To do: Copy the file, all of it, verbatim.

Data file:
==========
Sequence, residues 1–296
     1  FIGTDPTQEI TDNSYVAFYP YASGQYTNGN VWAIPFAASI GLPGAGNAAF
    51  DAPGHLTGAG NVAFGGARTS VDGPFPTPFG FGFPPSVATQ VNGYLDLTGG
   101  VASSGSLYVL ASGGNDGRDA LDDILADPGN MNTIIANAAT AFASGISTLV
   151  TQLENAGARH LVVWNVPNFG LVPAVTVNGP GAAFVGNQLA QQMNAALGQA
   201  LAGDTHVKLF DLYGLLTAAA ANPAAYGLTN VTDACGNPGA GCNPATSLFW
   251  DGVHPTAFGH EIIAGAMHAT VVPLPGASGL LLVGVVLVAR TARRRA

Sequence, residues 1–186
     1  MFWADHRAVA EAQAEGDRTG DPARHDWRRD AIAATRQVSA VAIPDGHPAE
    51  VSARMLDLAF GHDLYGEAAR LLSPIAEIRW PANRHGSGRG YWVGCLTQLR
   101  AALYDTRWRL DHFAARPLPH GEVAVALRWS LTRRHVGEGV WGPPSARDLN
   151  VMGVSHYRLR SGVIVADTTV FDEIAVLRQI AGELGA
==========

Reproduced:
Sequence, residues 1–296
     1  FIGTDPTQEI TDNSYVAFYP YASGQYTNGN VWAIPFAASI GLPGAGNAAF
    51  DAPGHLTGAG NVAFGGARTS VDGPFPTPFG FGFPPSVATQ VNGYLDLTGG
   101  VASSGSLYVL ASGGNDGRDA LDDILADPGN MNTIIANAAT AFASGISTLV
   151  TQLENAGARH LVVWNVPNFG LVPAVTVNGP GAAFVGNQLA QQMNAALGQA
   201  LAGDTHVKLF DLYGLLTAAA ANPAAYGLTN VTDACGNPGA GCNPATSLFW
   251  DGVHPTAFGH EIIAGAMHAT VVPLPGASGL LLVGVVLVAR TARRRA

Sequence, residues 1–186
     1  MFWADHRAVA EAQAEGDRTG DPARHDWRRD AIAATRQVSA VAIPDGHPAE
    51  VSARMLDLAF GHDLYGEAAR LLSPIAEIRW PANRHGSGRG YWVGCLTQLR
   101  AALYDTRWRL DHFAARPLPH GEVAVALRWS LTRRHVGEGV WGPPSARDLN
   151  VMGVSHYRLR SGVIVADTTV FDEIAVLRQI AGELGA